Though water samples tested positive, bacteria levels were determined to be relatively low. Additional sampling will continue as long as the warm weather persists. Watch for additional information should conditions change.

Learn more about blue-green algae and its effects on humans and pets at the following sites:

Department of Environmental Quality -

Southwest District Health -

Aug. 1 deadline to buy controlled hunt tags is fast approaching

Hunters who applied for controlled hunt tags for deer, elk, pronghorn, black bear and turkey can check if they drew through Fish and Game's licensing system at if they already have an account. 

Those without an online license system account can get step-by-step instructions on the Controlled Hunt Results web page. Hunter can also check their results and buy tags at Fish and Game offices, at any license vendors, or by calling (800) 554-8685. 

The drawing was a little later than in recent years and postcards have been mailed to successful applicants, but people have less time before the deadline than in the past. Hunters who drew a tag do not have to show a postcard to buy it. 

It is applicant's responsibility to see if they drew a tag, and to purchase it by the Aug. 1. All controlled hunt tags that are not purchased by the Aug. 1 deadline will be forfeited and offered in the second drawing. 


Grizzly bear trapped and relocated in Eastern Idaho

On July 20, federal USDA Wildlife Services officials investigated the death of a domestic calf in the Dry Creek drainage near Kilgore and determined the calf was killed by a grizzly bear.

That evening, personnel from Idaho Fish and Game and Wildlife Services set a culvert trap and captured a large male grizzly. The bear was immobilized, given a body condition and health assessment, fitted with a GPS collar and relocated to a remote area in the Fish Creek drainage on Forest Service land.

Fish and Game staff will continue to monitor the bear’s movements and activities.

culvert trap
Creative Commons Licence
James Brower


F&G removes grizzly that frequented campground near Island Park

In order to protect public safety, Idaho Fish and Game officials on July 20 lethally removed a sub-adult male grizzly bear from near the Forest Service Mill Creek Campground in the Island Park area. Fish and Game staff were assisted by the Fremont County Sheriff’s Department and U.S. Forest Service personnel.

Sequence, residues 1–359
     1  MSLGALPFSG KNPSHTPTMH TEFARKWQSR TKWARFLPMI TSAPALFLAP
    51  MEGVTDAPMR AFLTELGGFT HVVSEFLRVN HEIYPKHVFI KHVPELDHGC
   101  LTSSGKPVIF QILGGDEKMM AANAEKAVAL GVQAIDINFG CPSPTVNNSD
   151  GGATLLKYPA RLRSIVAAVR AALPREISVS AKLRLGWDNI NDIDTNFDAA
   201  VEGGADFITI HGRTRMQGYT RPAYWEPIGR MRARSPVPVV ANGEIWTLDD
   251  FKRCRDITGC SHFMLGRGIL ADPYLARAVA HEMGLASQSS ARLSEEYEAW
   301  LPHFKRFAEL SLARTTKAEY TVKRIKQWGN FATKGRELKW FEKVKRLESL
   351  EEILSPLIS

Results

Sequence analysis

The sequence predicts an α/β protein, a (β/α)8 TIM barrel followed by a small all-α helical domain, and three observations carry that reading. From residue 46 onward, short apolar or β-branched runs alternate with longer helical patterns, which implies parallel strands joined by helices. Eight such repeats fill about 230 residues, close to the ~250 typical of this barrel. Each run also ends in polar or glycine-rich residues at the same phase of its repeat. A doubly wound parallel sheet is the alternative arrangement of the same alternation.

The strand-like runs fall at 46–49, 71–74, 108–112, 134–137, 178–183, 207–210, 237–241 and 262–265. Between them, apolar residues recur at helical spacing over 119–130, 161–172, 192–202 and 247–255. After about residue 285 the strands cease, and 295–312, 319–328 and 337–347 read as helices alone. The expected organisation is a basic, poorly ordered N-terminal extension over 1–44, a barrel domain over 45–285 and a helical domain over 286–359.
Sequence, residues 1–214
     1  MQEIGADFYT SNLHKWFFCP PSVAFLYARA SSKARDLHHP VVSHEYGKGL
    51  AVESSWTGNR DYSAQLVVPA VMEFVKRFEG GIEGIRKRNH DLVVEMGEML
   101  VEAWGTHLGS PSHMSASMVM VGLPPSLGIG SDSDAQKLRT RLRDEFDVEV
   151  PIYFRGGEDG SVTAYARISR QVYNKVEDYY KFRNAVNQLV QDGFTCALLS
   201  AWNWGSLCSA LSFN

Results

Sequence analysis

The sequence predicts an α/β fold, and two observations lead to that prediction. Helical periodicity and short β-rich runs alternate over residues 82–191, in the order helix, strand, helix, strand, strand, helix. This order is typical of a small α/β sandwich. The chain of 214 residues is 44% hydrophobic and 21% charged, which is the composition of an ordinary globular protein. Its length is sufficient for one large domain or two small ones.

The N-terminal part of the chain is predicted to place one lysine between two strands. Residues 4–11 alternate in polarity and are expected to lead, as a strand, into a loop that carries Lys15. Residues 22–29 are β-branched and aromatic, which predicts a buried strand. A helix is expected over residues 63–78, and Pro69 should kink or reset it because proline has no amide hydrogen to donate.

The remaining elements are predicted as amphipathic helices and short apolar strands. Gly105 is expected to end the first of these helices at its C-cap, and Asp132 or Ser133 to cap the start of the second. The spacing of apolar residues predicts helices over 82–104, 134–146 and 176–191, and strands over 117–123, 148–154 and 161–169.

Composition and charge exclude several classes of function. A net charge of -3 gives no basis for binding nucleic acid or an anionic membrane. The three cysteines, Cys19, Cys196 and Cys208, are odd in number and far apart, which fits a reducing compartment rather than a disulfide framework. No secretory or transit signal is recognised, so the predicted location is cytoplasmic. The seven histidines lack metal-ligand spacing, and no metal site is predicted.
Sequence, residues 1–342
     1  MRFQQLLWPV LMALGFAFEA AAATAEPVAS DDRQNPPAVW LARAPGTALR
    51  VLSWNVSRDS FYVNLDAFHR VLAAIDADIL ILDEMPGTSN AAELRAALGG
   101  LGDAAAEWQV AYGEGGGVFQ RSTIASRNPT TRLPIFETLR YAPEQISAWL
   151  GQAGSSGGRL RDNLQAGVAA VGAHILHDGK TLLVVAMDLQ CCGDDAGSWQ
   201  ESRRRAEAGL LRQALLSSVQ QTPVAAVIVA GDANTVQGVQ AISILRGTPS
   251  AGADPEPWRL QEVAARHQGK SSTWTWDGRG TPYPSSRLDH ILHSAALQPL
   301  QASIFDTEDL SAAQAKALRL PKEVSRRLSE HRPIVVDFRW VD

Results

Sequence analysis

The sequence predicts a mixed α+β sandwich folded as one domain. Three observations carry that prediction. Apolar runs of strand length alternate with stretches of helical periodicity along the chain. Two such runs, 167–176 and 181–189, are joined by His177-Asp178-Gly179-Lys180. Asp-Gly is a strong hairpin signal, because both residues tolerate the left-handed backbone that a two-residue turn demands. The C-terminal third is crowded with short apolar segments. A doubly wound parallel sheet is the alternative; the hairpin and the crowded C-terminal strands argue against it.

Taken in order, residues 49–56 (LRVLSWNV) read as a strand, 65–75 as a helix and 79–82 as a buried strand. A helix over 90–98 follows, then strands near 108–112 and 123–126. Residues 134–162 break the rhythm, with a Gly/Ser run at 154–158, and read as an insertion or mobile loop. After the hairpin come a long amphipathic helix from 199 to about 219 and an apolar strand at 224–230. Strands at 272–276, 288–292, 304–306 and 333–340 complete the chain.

The bear had become habituated to humans and the Mill Creek/Rancho McCrea area over the last month. Fish and Game staff attempted to use hazing techniques to encourage the bear to leave the area. On July 11, the bear was captured, radio-collared, and relocated to a new area, but it immediately returned to the Mill Creek area.

Fish and Game staff was in the process of setting a trap and capture equipment on July 20, but after multiple attempts to haze the bear away, public safety concerns necessitated the need for the bear to be lethally removed. 

All rights reserved.
Hans Veth on Unsplash

Ada County hunter draws first Idaho grizzly bear tag

An Ada County resident was drawn for the Idaho grizzly bear hunt and has been notified by Idaho Fish and Game, which by law can’t disclose the name of the hunter. 

There were 1,272 people who applied for the single grizzly bear tag, which was open only to Idaho residents. It will be used in a portion of Eastern Idaho, and the hunt is scheduled for Sept. 1 through Nov. 15, however, there is a chance the hunt may not happen due to pending litigation in federal court.

All unsuccessful hunters who applied for the grizzly bear tag will receive their tag fee refunds by Aug. 20. Only the tag fee will be refunded. A refund will not be issued for hunting licenses, application or convenience fees. 

The grizzly bear population in the Greater Yellowstone Ecosystem has recovered since being listed as endangered in the 1970s, and the population has met federal recovery criteria since the early 2000s. 

In 2017 the U.S. Fish and Wildlife Service removed Greater Yellowstone grizzly bears from the Endangered Species Act list. The conservation strategy for the Greater Yellowstone Ecosystem grizzly population, which includes Idaho, Wyoming and Montana, includes hunting as a management tool when the population is more than 600 bears. 

The 2017 population estimate is 718 grizzly bears in the Greater Yellowstone “demographic monitoring area” (DMA), which encompasses suitable grizzly habitat in Idaho, Wyoming and Montana. The DMA includes all of Yellowstone and Grand Teton National Parks, but no hunting will occur in either national park. 

The grizzly population in the DMA has been stable over the last decade with annual population estimates in the monitoring area ranging between 694 and 757 grizzlies. 

The following rules apply for the 2018 grizzly bear hunt: